10.4.7 hmm, I don't expect any improvements with this that I will notice. After 5 years of OSX it looks like they have got rid of most bugs and each update no longer seems to break printer and scanner drivers

What are they going to offer with Leopard, why should I upgrade? Unless I buy an Intel Mac, I doubt Leopard will have anything for me. For Intel, we might just see a Windows environment to allow windows applications to run without re-booting, but to do so would raise the risks of developers just not bothering to write anything for OSX anymore.

You'll notice several changes in CUPS 1.2
post #12 of 19
Quote:
All the ones that even approach affordability now use integrated graphics, which can't be replaced

Neither can the ATI chip soldered onto the MBP motherboard. What's the point? I sure as heck don't want Apple to make the MBP a half-inch thicker to accommodate some huge-ass PCI express slot.
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post #13 of 19
I am in the process of switching to Mac and I have a question. Do the updates to the Mac OS come free to mac owners?
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post #14 of 19
Quote:
Originally posted by lundy
Neither can the ATI chip soldered onto the MBP motherboard. What's the point? I sure as heck don't want Apple to make the MBP a half-inch thicker to accommodate some huge-ass PCI express slot.

Notebook add-in video cards aren't like that. There are mini cards, not unlike miniPCI intended to allow modular graphics. It doesn't need to make the notebook thicker either, it could be in-line with the rest of the board as an edge connector.
post #15 of 19
Quote:
Originally posted by maimezvous
I am in the process of switching to Mac and I have a question. Do the updates to the Mac OS come free to mac owners?

Yes and no. All the updates to the operating system you currently hace installed is free ( 10.4.6 >> 10.4.7), but if they release a whole new version of OS X (10.4.? >> 10.5), then you have to pay $129 for the upgrade. It is not that bad, because each upgrade includes so much over the last that the price is worth it for all the time you save, and how much more productive you become.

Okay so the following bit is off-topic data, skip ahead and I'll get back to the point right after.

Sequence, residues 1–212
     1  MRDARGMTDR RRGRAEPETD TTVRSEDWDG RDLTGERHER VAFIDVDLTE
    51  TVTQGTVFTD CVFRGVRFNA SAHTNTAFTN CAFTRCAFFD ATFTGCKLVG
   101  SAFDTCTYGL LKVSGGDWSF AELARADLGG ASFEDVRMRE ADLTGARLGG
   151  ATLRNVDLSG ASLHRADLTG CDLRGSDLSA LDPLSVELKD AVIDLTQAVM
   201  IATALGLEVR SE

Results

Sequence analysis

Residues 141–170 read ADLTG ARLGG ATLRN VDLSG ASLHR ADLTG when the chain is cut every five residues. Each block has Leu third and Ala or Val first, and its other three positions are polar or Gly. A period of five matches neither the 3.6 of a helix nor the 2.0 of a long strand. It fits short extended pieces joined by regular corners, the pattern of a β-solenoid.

Oh, and welcome to the mac community!
Noah
post #16 of 19
Quote:
Originally posted by noah93
Yes and no. All the updates to the operating system you currently hace installed is free ( 10.4.6 >> 10.4.7), but if they release a whole new version of OS X (10.4.? >> 10.5), then you have to pay $129 for the upgrade. It is not that bad, because each upgrade includes so much over the last that the price is worth it for all the time you save, and how much more productive you become.

Oh, and welcome to the mac community!
Noah

Thank you very much Noah. I assumed as much about the different versions of the same OS, but I wasn't quite sure about the different OS versions.
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post #17 of 19
Quote:
Originally posted by lundy
Neither can the ATI chip soldered onto the MBP motherboard. What's the point? I sure as heck don't want Apple to make the MBP a half-inch thicker to accommodate some huge-ass PCI express slot.

Yeah, but at least the ATI chip will take longer to be obsolete. The GMA 950 is pretty much obsolete right at the time you buy it. It lacks hardware features that even a low-end card from ATI would have.
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post #18 of 19
Quote:
Originally posted by maimezvous
Thank you very much Noah. I assumed as much about the different versions of the same OS, but I wasn't quite sure about the different OS versions.

You can often get it for $109 to $119 on Amazon or OWC, among others. I've even seen it as low as $99.
post #19 of 19
Quote:
Originally posted by Addison
10.4.7 hmm, I don't expect any improvements with this that I will notice. After 5 years of OSX it looks like they have got rid of most bugs and each update no longer seems to break printer and scanner drivers

What are they going to offer with Leopard, why should I upgrade?

Well, it seems to me that 10.0-10.2 were the "growing pains" releases of OS X. 10.3 added some features, and 10.4 did a lot of stuff under the hood (more Core APIs, kernel reworking) as well as adding features that likely be improved on (Dashboard, Spotlight). So I imagine 10.5 will be a building on the stuff that get added to 10.4, as well as fixing other things from 10.2 that need a boost and were untouched in Panther and Tiger (Finder anyone?)